Kachins forced back into the danger zone
Returning Kachin refugees tell tales of woe
But in late August, the Chinese authorities started turning them away. They now find themselves back in Myanmar, near the danger zone and homeless.
“I can’t express how disappointed I am about the way the Chinese police treated us,” said Thomas Lama La, 72, a retired Catholic school teacher.
“Many of them came to our refugee camp and destroyed all the roofs of the temporary shelters, even though we were yet to pack our things. We had no option but to leave. I had to go to hospital here as the experience left me so weak.”
Lama La and his wife, along with around 4,000 other displaced Kachins, are now in a camp run by the Catholic Church. But they have become separated from their four children, who are in a camp in Shan state. And they are by no means in a place of safety.
“If the fighting intensifies, this place where we are now could be in the conflict zone,” said Lama La.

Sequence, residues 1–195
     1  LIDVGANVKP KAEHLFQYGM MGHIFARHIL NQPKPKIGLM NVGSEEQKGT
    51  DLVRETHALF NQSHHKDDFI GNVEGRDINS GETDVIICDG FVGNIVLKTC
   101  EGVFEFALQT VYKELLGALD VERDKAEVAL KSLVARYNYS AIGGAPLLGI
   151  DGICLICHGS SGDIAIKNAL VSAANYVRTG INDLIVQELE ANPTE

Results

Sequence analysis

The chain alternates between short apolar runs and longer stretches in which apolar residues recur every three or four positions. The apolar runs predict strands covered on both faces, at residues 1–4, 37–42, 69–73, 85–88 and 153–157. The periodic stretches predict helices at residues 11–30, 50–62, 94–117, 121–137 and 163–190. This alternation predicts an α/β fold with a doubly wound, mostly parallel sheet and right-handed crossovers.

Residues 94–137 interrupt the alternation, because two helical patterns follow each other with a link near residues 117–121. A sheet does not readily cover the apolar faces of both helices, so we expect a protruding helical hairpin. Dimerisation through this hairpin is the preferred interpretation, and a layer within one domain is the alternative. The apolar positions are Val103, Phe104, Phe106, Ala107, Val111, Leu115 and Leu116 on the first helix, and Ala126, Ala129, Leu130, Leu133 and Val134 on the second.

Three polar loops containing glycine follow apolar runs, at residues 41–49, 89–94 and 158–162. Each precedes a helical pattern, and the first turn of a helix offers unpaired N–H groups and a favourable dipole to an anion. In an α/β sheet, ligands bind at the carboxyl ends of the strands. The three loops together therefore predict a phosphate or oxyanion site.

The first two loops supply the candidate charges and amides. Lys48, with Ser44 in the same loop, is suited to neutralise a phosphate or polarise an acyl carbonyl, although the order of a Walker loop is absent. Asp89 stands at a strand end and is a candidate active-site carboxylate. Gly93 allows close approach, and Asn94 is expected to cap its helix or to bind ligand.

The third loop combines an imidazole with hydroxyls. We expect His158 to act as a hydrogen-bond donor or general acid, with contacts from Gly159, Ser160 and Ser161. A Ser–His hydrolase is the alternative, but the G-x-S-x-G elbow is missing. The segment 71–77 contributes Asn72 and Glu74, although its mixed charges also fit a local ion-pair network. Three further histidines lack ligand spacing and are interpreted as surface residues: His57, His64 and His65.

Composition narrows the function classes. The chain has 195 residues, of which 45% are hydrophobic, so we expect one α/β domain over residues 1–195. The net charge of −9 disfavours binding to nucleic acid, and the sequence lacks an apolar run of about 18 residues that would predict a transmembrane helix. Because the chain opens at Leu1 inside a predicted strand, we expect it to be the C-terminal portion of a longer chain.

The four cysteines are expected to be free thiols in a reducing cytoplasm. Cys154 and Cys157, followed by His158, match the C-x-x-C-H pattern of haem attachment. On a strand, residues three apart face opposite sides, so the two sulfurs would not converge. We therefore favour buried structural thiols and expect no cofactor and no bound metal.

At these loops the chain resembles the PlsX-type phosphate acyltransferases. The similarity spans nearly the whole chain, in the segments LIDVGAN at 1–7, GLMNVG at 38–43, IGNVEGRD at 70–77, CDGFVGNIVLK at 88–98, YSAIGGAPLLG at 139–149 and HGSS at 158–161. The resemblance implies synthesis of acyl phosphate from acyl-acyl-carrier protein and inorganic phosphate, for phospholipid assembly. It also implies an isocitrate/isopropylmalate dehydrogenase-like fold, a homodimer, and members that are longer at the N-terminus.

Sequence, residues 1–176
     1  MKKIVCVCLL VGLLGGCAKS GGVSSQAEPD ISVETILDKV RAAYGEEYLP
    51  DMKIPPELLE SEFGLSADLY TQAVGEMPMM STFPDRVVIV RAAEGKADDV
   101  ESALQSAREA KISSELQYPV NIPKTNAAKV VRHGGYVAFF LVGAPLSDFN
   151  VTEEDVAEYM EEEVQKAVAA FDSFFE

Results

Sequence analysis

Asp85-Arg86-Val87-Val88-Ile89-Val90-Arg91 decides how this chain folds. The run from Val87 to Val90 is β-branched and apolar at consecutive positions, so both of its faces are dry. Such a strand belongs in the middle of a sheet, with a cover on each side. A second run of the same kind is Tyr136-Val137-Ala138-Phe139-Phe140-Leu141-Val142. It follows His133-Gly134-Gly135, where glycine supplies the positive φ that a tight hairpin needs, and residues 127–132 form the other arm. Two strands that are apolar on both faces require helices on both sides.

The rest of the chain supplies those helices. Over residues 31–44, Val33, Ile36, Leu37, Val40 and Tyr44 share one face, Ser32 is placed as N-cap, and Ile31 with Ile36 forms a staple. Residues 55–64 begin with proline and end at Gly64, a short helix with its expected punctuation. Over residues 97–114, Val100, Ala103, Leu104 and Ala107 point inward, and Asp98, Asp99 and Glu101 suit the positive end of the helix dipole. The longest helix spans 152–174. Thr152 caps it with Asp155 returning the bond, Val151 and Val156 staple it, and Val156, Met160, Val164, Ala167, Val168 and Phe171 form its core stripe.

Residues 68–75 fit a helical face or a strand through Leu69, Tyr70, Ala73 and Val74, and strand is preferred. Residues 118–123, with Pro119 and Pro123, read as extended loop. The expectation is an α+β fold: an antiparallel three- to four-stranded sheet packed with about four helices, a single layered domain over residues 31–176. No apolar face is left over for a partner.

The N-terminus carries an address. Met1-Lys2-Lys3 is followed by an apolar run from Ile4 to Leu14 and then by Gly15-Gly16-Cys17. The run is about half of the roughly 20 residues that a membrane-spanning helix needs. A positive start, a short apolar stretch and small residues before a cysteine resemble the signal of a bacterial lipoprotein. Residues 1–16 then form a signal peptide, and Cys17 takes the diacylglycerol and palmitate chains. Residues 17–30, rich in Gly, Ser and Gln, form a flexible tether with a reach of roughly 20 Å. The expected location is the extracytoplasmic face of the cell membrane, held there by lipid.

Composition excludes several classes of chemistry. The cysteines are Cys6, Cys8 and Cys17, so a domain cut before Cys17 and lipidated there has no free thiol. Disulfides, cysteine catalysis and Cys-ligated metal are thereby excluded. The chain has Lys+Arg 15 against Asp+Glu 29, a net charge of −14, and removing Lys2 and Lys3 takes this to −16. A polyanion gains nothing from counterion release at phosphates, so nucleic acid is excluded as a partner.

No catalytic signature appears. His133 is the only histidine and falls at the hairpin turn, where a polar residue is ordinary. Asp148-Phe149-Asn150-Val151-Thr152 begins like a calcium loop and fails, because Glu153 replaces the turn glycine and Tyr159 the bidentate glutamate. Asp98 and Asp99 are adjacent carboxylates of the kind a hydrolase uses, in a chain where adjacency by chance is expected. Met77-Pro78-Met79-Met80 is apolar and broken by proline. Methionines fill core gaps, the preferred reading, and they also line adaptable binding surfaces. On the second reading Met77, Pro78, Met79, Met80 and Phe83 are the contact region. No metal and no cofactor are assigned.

China’s move to send the refugees back has been widely condemned.
“China is flouting its international legal obligations by forcibly returning Kachin refugees to an active conflict zone that is rife with Burmese army abuses,” said Bill Frelick, refugee program director for Human Rights Watch.
But China pushed ahead with its intentions, working towards a deadline of September 4 to empty all the Kachin refugee camps on its side of the border. Health concerns were among the reasons cited for the closures.
“The Chinese authorities of Yunnan province told us they are concerned about the refugees spreading contagious diseases,” said Sai Li, an official at Ma Jai Yang township, which is controlled by the Kachin Independence Organization.
“They said the displaced people have been taking refuge in China for almost a year and they can no longer accept them.”
Sai Li, who is also vice president of the KIO Refugees Relief Committee, told ucanews.com that negotiation with China was impossible.
“We couldn’t win,” he said. “They even turned down our request to postpone repatriations until December, due to transportation difficulties in the rainy season.”
Even though many of them wept when they were sent back over the border, life for the refugees in China was not in any way pleasant. They were not able to move freely outside the camps and not allowed to cut trees for firewood.
We were living in a manger,” said one of them. “We had the smell of cow manure constantly.”
But despite all their ordeals, some say they are glad to be back home. “Now I can be buried in my own country when I die,” said one refugee. "But even after I die, I won’t close my eyes until there is peace in Kachin.”
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